Rhapsody: Marl Kingdom Chronicles demonstrates the prodigious aptitude of Nippon Ichi’s early years. Across the two titles in this anthology, we follow characters at pivotal points in their lives. Despite the fairy tale-esque simplicity, expect your heart to be warmed by three generations of cheerful heroines.
Rhapsody: Marl Kingdom Chronicles is a lovely window into a hilarious, melodramatic, and loveable series that many would have never got to see. While it may not be the greatest retro collection in the world, its greatness lies in its uniqueness. The fact we get to enjoy it is what makes it so special.
Rhapsody: Marl Kingdom Chronicles is the best classic collection from NISA to date. They’ve pulled out all the stops to present these titles in their original forms to new audiences, with a localization that retained the humorous tone of the scenarios. These games are pixel art at its finest, and while we don’t see many titles like this anymore, I’m glad we have these modern releases to enjoy alongside new titles released today. While Rhapsody II is a more rounded adventure, this collection as a whole is a must-play for any JRPG enthusiast.
Rhapsody: Marl Kingdom Chronicles lets players in the West finally explore the final two titles in the Rhapsody trilogy for the first time ever. Even if these two JRPGS are never going to be all time masterpieces, they are still great fun today, thanks to their unique charm.
Rhapsody: Marl Kingdom Chronicles allowed me to check out and rectify a glaring hole in my PS1 JRPG history. The story of Kururu, her mom Cornet, and the other colorful characters from this kingdom is a charming, but highly simple one. Though the gameplay and combat is a bit too simple at times, there’s no denying the catchy Japanese songs and cheery environments kept me playing in both games.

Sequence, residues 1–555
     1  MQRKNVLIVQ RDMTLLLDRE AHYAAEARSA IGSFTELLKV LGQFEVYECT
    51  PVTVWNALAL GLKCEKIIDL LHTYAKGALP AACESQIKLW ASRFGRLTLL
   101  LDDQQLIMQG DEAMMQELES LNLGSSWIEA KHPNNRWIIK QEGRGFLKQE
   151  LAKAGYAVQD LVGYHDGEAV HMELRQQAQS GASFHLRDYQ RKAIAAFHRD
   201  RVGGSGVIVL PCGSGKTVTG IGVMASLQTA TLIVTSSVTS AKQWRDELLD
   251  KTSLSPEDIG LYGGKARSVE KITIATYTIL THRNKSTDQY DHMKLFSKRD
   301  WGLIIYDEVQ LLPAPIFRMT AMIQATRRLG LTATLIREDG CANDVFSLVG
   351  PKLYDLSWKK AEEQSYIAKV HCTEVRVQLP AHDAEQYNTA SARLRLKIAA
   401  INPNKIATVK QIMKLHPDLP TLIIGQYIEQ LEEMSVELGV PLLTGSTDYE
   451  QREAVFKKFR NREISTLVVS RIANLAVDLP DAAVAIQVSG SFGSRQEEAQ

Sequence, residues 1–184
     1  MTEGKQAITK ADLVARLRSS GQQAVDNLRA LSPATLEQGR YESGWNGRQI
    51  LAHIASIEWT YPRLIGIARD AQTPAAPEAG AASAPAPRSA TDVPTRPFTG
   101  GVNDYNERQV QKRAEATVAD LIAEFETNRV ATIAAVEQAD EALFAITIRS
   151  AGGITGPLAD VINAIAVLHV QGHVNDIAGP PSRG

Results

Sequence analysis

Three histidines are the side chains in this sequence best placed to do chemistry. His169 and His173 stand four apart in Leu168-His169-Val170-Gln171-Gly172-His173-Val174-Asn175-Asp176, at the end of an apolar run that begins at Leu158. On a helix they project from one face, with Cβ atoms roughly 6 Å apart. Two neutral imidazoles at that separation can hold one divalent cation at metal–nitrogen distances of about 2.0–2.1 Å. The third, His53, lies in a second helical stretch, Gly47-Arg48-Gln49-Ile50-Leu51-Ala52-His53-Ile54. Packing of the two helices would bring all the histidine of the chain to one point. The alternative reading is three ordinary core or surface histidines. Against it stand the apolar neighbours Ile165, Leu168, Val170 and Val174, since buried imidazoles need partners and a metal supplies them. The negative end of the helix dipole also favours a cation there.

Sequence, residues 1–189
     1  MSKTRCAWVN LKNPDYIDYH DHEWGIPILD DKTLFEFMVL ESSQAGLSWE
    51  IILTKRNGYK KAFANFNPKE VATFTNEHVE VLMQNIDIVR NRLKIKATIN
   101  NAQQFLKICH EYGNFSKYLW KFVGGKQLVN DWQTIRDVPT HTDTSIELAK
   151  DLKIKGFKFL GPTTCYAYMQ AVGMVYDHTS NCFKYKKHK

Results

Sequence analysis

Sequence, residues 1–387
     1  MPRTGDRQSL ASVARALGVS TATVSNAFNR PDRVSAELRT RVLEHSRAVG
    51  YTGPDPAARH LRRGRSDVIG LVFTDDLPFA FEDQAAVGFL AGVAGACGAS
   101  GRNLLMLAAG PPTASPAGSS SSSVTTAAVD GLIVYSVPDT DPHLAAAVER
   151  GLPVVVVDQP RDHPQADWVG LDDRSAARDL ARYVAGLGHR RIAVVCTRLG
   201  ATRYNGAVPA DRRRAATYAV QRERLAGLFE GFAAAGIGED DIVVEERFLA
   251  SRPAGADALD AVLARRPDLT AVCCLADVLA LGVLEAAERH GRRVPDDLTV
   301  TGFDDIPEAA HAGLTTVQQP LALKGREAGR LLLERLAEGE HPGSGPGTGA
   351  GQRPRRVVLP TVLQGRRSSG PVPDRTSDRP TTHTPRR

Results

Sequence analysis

Rhapsody: Marl Kingdom Chronicles is a pair of games in an interesting situation. Both are crippled by the exact opposite problems. Rhapsody II is a game that is simplistic and way too easy, but Rhapsody III is a game that is too bloated and slowly paced. Rhapsody II I can at least recommend it as a chill, beginner RPG for kids, but Rhapsody III I cannot really recommend under any circumstance.
I adored Rhapsody and Rhapsody II, but Rhapsody III feels like an unnecessary addition to this fun series. The game feels like more of a cash grab, offering mediocre stories regarding the series’ wonderful cast of characters, and it’s accompanied by uninspired dungeons and question combat design. Rhapsody III was a rollercoaster I was begging to get off because the constant ups and downs felt like whiplash. Two out of six short stories are not enough for me to recommend Rhapsody III, even for series fans, but one could say its presence for a bundle helped finally give Rhapsody II its welcome western release.
SummaryExperience the harmonious combination of story and song in Rhapsody: Marl Kingdom Chronicles, the continuation of Rhapsody: A Musical Adventure told through two captivating RPGs! As these titles make their way to the West for the first time, they bring with them improved storybook visuals, enchanting music, and lovable characters both ol...